Yosemite Valley

Millions flock to Yosemite Valley for Natural Treasures and Wholesome Fun

yosemite-Valley-Floor

Yosemite Valley floor

Most people, when they think of Yosemite National Park, are really thinking of Yosemite Valley, a concentration of dazzling natural features that makes up just 1 percent of the park but attracts 95 percent of Yosemite visitors.

Yosemite Valley in a Nutshell

Yosemite Valley is a 7 mile-long, half mile-deep depression carved by glaciers during the last ice age. Nature’s handiwork is evident in 3,000-foot-high granite domes, “celebrity” waterfalls, pristine forests, meadows, lakes, and rivers, and abundant wildlife. Since its designation as a national park in 1880 — due in a large part to the efforts of naturalist John Muir — Yosemite, and particularly Yosemite Valley, has grown in popularity to the tune of 4.1 million visitors a year.

What’s Here (and What Isn’t)

Rushing along the Yosemite Valley floor is the Merced River, flanked by two scenic drives providing easy access to many lookout points, picnic areas, and hiking and horseback riding trails. As far as basic needs and creature comforts go, Yosemite Valley is the one area in the entire park where you can camp, lodge, dine, shop, swim in a pool, ice skate, browse at a museum or nature center, mail a postcard, and see a doctor or dentist. The one thing you can’t do here is fill up your car; Yosemite Valley doesn’t have a gas station. The closest ones are in El Portal (11 miles), Crane Flat (14 miles) and Wawona (22 miles).

Getting around Yosemite Valley

On the subject of cars, traffic in Yosemite Valley might be considered its one drawback. During high tourist season in the summer, bumper-to-bumper jams are the norm. Luckily, there’s relief from traffic in the form of the Yosemite Valley shuttle system, a free service that provides convenient access to several points around Yosemite Valley, including stops at or near all overnight accommodations, stores, and major vistas. The shuttle operates year-round from 7 a.m.-10 p.m.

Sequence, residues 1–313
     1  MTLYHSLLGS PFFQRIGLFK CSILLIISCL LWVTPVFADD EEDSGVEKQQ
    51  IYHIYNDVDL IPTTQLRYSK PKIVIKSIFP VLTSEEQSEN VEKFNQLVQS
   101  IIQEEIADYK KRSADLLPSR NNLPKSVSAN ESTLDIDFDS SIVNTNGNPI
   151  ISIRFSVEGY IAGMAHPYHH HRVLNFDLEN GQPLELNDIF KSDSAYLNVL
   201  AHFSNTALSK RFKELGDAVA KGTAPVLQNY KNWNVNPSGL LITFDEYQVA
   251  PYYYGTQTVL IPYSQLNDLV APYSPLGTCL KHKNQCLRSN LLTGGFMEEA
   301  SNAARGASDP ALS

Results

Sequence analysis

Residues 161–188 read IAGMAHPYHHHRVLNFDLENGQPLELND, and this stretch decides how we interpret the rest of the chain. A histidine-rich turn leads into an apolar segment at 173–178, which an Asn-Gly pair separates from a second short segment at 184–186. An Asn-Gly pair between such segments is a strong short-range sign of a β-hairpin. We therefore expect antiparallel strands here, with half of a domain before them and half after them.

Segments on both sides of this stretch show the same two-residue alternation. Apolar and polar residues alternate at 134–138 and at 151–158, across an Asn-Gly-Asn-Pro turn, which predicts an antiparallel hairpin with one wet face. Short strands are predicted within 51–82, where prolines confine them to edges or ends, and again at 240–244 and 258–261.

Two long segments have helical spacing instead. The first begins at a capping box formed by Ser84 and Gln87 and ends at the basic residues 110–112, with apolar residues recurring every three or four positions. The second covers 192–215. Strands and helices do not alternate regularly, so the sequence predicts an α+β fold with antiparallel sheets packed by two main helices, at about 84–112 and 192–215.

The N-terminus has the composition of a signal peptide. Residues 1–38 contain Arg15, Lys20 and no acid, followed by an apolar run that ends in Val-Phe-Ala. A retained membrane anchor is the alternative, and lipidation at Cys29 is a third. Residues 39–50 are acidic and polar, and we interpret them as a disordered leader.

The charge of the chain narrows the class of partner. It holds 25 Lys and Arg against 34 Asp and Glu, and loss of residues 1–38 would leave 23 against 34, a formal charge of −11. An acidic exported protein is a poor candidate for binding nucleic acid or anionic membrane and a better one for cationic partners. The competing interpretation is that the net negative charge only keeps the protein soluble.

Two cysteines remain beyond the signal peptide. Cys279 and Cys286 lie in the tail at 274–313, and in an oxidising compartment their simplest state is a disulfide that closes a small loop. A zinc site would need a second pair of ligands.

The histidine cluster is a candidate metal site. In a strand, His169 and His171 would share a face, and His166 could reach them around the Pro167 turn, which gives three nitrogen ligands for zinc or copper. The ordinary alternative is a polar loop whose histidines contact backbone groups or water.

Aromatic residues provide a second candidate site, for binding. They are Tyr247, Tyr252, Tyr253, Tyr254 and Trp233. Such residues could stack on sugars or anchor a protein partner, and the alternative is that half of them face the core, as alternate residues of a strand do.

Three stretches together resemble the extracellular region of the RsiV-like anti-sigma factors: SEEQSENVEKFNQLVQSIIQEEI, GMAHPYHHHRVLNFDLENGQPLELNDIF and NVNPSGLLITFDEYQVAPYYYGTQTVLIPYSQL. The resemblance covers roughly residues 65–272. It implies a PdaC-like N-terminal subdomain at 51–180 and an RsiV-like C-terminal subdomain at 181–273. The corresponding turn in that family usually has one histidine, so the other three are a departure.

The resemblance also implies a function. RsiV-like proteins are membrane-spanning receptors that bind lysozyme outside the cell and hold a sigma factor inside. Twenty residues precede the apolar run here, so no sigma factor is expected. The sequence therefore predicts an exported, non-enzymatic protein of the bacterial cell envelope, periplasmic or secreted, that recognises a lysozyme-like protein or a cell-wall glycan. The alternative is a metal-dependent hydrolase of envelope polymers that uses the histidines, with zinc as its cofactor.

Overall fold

If you’d rather not ride the bus, hop on a bike! Bicycling is a wonderful way to cover a lot of ground in a relatively short period of time, and Yosemite Valley has the most extensive network of bike paths anywhere in the park. If you don’t have your own bike, you can rent one at Curry Village.

When to Visit

Unlike many of Yosemite National Park’s higher-elevation areas that are impassable during the cold-weather months, Yosemite Valley is open all year long, so any time is a good time to visit. We prefer the winter, when it’s much less crowded. Abundant wildlife and beautiful snow-brushed landscapes conspire to create a winter wonderland. In addition, there’s ice skating at Curry Village in the shadows of Half Dome and Glacier Point. It’s been a tradition since the 1930s.

What to See

Waterfalls, waterfalls, waterfalls! Here’s the “star” lineup of some of the most famous waterfalls in the world. Some are plainly visible from the Yosemite Valley floor, others are tucked away.

Upper-and-Lower-Yosemite-Falls

Upper and Lower Yosemite Falls

Yosemite Falls (Upper 1,430 feet, Middle 675 feet, Lower 320 feet)
It’s one of the tallest in North America and the fifth highest in the world with a total drop of 2,425 feet.

Bridalveil Fall (620 feet)
This fall gets its name from the wind, which often blows the water sideways in a manner that resembles a bride’s veil.

Ribbon Fall (1,612 feet)
The tallest single fall in North America flows off a cliff on the west side of El Capitan.

Illilouette Fall (370 feet)
You can see this fall from below on the John Muir Trail. From Washburn Point, just before you reach Glacier Point, you can get a stunning view of its brink and stony gorge.

Vernal Fall (317 feet) and Nevada Fall (594 feet)
Hikers along the Mist Trail can cool off with a refreshing, rainbow-studded shower on hot spring days.

Horsetail Fall (1,000 feet)
The time to see this waterfall at its best is in late February, when the water is backlit by the sun. This creates an optical illusion in which the falls appears to be on fire as it flows down the eastern cliffs of El Capitan.

What else to See